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More Moon and Jupiter
Jupiter has a bulging waistline. The planet is almost 6,000 miles thicker through the equator than through the poles — the result of diet and activity.
Jupiter is the largest planet in the solar system. It’s 11 times the diameter of Earth, and more massive than all the other planets combined.
Jupiter grew so large because it was born far from the Sun. At that distance, it was cold enough for the planet’s growing center to incorporate a lot of ice in addition to rock, so it grew big and heavy. And that gave it a strong gravitational pull.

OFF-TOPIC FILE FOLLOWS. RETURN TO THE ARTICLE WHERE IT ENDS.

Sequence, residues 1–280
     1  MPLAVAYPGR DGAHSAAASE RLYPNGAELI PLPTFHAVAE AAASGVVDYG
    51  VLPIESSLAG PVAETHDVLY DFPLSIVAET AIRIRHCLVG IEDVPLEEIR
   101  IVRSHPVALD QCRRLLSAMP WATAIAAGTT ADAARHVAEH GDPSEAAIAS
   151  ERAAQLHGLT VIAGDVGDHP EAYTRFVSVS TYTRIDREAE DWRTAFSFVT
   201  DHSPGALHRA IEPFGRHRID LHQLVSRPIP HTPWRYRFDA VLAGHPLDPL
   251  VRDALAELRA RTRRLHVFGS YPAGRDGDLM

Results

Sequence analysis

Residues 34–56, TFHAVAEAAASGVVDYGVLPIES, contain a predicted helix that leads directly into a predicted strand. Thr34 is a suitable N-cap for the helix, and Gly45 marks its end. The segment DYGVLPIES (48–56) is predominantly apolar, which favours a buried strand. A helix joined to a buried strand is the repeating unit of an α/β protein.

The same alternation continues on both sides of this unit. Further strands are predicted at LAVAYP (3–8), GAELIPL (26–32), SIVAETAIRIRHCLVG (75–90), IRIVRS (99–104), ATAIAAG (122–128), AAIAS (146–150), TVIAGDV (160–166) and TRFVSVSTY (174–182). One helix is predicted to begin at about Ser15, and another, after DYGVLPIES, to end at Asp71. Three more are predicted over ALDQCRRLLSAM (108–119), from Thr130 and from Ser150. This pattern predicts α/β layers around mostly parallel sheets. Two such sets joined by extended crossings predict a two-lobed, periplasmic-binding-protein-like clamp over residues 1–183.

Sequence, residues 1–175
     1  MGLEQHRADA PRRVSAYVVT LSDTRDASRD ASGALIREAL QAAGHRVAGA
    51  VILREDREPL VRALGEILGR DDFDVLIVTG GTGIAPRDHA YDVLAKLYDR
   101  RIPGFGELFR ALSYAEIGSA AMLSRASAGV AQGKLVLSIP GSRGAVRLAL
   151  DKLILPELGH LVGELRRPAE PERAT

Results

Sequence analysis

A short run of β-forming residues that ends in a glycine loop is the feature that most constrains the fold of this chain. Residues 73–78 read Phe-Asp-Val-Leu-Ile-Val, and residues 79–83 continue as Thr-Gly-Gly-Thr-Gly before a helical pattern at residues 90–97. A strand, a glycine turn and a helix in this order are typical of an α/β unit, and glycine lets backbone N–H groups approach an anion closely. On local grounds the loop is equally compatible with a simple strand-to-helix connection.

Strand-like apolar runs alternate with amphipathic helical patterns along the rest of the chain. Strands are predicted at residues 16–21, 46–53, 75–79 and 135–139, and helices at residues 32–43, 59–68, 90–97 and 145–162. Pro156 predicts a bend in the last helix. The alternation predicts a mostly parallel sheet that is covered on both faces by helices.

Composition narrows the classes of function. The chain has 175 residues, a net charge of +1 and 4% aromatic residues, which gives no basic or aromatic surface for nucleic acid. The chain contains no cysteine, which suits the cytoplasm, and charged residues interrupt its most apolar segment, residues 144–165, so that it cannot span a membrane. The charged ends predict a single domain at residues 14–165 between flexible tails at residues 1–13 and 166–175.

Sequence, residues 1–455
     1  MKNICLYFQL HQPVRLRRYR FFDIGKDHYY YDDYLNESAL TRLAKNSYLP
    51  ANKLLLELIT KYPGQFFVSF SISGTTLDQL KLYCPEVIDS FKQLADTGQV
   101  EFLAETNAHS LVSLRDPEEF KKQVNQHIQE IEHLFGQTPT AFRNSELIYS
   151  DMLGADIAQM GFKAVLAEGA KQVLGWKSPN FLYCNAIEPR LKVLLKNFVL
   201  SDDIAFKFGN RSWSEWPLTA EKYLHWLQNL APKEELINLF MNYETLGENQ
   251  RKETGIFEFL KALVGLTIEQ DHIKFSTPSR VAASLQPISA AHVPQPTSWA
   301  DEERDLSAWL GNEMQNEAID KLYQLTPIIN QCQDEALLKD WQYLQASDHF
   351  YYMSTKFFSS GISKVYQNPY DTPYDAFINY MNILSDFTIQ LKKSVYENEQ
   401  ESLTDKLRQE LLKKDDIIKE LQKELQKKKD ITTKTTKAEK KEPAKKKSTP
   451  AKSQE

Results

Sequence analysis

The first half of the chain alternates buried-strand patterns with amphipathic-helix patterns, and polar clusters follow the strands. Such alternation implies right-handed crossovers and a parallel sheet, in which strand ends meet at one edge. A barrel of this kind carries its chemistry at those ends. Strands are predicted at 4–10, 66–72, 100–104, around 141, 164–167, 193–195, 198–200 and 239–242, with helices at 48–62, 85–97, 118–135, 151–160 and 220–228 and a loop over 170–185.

Jupiter used that gravity to suck in a lot of hydrogen and helium gas that were left over from the birth of the Sun — gas that wasn’t available closer to the Sun. Hydrogen and helium are the lightest of all chemical elements, so while they helped make Jupiter big, they didn’t make it very dense.
And Jupiter spins on its axis faster than any other planet — one turn in less than 10 hours. That high-speed rotation pushes the lightweight hydrogen and helium gas outward. And that gives the giant planet a giant waistline.
That equatorial bulge is easy to see through a telescope — Jupiter definitely looks squished.
You can’t see the bulge with the eye alone, but Jupiter itself is especially easy to pick out tonight. It stands close above the Moon at nightfall. And it looks like a brilliant star. In all the night sky right now, only the Moon outshines it.
Script by Damond Benningfield